Why not host an adult book club focused on picture books?
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A few months back, while planning for the next few issues of this column, I penciled in the topic “Cool Things I Heard About at PLA.” Then a snowstorm, a full day in the Houston airport (I started in Chicago), and no PLA conference for me. Instead of things I heard, here are some tech trends that I imagine would have come up in conversation.
The simplicity behind gathering to talk about a shared story softens feelings of self-doubt. The book and its storyline are the vehicle allowing club members to listen, and be listened to. It is meant to expose feelings through difficult ideas and opposing viewpoints. While talking about fictional characters, real experiences bubble up to the surface. There’s an opening to relate first to the story and then to each other. There is no better way to spread great ideas then when people meet face-to-face. A bookclub is neutral ground, which makes it subtly powerful and influential.
Four years ago we wrote about our library converting to a BISAC (Book Industry Standards and Communications) organizational structure. We thought it was time to detail what we learned about the experience, especially as we receive plenty of emails asking how it went or would we do it again if we had the opportunity to do everything over.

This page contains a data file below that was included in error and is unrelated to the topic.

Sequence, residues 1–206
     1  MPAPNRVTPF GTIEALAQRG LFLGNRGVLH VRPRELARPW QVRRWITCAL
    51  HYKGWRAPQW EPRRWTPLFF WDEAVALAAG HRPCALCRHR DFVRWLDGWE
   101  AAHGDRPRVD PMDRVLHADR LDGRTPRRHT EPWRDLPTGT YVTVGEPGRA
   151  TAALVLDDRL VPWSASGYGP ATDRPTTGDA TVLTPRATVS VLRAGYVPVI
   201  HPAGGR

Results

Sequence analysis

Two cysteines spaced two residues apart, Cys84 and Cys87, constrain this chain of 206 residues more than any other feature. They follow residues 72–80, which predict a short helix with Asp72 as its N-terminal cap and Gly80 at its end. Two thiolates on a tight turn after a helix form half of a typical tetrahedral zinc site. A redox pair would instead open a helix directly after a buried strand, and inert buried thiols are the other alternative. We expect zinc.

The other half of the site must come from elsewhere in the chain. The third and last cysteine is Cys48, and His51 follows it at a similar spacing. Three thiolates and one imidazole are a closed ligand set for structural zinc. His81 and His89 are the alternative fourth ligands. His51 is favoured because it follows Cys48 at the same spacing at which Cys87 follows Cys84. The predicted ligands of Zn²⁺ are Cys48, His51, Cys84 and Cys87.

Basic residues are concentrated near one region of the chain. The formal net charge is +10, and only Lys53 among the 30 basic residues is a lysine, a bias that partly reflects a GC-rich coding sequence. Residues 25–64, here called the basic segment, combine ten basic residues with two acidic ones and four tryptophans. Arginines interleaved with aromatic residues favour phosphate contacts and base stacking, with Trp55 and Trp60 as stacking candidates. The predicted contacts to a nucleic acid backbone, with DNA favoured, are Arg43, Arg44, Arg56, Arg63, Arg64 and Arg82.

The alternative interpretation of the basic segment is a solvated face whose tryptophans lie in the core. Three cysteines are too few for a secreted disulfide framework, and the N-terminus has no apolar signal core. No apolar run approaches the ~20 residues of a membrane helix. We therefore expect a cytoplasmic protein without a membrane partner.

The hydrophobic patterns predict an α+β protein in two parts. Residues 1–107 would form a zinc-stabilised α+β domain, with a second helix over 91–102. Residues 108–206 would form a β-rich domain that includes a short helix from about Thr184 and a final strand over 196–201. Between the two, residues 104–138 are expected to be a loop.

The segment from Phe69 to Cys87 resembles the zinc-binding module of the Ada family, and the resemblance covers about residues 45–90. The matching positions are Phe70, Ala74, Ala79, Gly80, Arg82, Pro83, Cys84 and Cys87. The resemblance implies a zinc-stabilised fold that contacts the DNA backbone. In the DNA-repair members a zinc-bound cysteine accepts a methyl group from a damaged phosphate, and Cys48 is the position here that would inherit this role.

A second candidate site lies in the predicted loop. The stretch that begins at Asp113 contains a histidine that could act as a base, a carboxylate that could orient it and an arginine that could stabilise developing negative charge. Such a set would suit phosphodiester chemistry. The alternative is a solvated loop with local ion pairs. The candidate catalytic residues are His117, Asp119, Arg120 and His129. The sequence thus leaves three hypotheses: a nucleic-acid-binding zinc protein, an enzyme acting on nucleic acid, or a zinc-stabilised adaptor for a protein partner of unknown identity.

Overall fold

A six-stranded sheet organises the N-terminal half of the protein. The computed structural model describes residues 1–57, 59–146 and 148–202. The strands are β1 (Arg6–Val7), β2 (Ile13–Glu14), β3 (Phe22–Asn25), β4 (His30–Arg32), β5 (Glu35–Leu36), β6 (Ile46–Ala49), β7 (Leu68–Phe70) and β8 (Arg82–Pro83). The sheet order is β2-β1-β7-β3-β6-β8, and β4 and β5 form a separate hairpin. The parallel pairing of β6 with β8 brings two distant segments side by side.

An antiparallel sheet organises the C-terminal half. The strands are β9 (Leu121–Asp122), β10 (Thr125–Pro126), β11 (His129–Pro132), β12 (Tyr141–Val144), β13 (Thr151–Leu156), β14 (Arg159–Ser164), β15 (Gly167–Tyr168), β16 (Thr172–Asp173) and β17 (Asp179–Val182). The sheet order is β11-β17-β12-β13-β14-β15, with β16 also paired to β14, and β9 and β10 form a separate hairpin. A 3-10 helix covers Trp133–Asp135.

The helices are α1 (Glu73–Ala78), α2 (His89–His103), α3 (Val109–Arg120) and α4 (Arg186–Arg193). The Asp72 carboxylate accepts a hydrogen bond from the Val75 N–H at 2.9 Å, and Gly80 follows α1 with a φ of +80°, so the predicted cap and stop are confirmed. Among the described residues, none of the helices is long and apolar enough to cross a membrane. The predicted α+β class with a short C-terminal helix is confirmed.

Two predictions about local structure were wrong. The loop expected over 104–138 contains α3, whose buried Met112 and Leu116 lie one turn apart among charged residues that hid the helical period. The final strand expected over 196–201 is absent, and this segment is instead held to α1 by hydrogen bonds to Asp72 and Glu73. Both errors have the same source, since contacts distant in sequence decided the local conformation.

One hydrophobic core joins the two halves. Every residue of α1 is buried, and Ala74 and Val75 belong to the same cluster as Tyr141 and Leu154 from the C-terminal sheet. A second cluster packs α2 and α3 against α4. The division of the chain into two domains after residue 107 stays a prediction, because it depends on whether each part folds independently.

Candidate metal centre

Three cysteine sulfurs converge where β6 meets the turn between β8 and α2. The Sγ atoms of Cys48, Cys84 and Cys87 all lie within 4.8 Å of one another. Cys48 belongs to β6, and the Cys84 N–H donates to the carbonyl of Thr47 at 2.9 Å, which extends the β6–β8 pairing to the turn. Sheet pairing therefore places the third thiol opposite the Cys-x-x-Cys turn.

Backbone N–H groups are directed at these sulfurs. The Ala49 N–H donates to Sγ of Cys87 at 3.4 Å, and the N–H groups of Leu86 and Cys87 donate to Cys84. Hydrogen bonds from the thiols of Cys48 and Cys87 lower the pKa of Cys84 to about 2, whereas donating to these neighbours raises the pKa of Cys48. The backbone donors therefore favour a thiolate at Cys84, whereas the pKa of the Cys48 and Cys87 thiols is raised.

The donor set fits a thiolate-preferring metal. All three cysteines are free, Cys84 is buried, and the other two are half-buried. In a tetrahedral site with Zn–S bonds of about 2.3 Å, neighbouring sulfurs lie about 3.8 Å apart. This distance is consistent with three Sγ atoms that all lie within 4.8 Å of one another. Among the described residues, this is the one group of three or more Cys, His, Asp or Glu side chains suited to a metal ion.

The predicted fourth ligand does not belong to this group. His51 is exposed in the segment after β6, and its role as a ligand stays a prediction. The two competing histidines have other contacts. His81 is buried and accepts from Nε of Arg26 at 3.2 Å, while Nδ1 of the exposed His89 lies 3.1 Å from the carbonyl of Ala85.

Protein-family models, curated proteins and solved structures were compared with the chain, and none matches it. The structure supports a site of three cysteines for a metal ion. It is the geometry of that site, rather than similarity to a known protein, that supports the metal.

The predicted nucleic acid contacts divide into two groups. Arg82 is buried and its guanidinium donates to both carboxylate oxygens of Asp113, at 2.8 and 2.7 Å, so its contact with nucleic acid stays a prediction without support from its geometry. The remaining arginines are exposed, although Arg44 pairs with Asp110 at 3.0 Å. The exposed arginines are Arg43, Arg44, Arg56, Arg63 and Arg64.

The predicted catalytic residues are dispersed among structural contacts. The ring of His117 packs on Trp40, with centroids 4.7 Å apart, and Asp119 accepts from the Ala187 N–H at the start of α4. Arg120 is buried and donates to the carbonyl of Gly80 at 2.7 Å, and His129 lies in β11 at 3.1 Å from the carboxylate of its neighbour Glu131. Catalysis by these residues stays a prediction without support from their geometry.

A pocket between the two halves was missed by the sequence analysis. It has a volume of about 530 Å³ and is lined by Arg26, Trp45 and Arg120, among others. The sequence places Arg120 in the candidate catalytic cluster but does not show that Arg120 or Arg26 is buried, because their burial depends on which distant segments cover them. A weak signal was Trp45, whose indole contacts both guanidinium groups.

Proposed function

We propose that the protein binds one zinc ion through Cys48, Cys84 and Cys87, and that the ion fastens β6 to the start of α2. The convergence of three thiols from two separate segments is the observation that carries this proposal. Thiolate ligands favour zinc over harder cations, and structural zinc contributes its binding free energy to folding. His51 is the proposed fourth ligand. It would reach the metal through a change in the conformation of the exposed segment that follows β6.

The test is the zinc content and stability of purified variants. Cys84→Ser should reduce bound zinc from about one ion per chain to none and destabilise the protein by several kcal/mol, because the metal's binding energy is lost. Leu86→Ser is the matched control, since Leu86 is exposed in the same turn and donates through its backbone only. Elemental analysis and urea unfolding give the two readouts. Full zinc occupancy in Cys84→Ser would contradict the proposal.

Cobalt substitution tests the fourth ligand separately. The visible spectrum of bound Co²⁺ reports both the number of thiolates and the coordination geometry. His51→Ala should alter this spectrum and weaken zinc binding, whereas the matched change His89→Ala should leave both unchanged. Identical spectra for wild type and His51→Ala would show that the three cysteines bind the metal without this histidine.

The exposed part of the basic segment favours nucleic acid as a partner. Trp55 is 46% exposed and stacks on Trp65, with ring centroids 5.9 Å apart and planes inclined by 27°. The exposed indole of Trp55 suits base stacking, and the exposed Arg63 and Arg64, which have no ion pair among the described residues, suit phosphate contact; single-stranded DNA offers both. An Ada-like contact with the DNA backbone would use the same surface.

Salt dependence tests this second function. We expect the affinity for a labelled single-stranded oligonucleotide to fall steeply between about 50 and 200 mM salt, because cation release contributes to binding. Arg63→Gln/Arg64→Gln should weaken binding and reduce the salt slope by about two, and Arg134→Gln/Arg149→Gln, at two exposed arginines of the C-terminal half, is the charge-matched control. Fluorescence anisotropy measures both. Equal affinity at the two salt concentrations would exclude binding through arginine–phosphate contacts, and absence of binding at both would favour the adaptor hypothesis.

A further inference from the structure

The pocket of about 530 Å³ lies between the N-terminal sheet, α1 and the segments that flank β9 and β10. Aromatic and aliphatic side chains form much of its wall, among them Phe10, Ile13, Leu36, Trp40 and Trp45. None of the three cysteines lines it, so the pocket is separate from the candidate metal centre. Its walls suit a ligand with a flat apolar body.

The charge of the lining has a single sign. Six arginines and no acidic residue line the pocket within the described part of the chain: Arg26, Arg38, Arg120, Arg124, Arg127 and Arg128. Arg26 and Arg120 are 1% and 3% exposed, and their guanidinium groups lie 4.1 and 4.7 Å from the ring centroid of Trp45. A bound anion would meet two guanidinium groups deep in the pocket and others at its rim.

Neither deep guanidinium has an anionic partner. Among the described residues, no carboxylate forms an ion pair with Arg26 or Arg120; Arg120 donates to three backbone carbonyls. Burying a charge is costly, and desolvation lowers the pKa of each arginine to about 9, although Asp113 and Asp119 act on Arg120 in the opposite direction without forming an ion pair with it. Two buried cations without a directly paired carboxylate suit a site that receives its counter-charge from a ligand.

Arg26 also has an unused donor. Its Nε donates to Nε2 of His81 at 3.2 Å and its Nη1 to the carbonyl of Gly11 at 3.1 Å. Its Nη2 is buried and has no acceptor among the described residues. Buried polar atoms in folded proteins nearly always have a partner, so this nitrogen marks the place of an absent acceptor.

Whether you are looking for your first library job or your next library job there are certain details that, if left unattended, can derail your job hunt even before you get called in for the interview. What is it that hiring managers look for in an applicant? How can you be that perfect candidate? Read on to find out!
The DJ training program is nine weeks long and it “teaches teens not just how to remix a song and scratch a record, but also how to market themselves and navigate the business world. Reflecting both today’s changing job market and the interests of teens, the library is beginning to offer more courses around S.T.E.M. — science, technology, engineering, math — and the arts.
Public libraries face the challenge of providing information and resources about the upcoming election this November but they also engage their communities in civic opportunities and experiences throughout the year.
What better way to showcase Barnett’s picture book, our knitting program, and Project Literacy than to “yarn bomb” the library—especially the trees?
The Riverside Branch of the New York Public Library has added professional fashion accessories to its circulating materials options.
Is it ever okay to treat your colleagues like family?
PLA 2018: Ten Essential Programs consists of ten articles highlighting educational programs that took place at the PLA 2018 Conference. Filled with instruction, advice, and knowledge from some of the field’s more innovative thinkers, the publication covers everything from serving persons experiencing homelessness in your makerspace to reaching children with barriers to access to anti-racist librarianship and more.
Bob Woodward’s Fear caused a censorship controversy for a WV library; Banned Books Week 2018 reminds us that “Banning Books Silences Stories.”
Visitors to the Seattle Public Library’s Downtown Library don’t have to worry about running out of minutes – the library will provide 10 free ones on their newly-installed free public phones
Indeed, embedded librarianship and partnerships have led to much success for the business center, citizens, and city government. It is important to meet with as many different business organizations as possible in order to publicize what libraries can do for the community.
Reading for pleasure is at an all-time low in America. Librarians need to extol the merits of reading wherever we go. We need to champion the importance of reading to turn the tide on declines.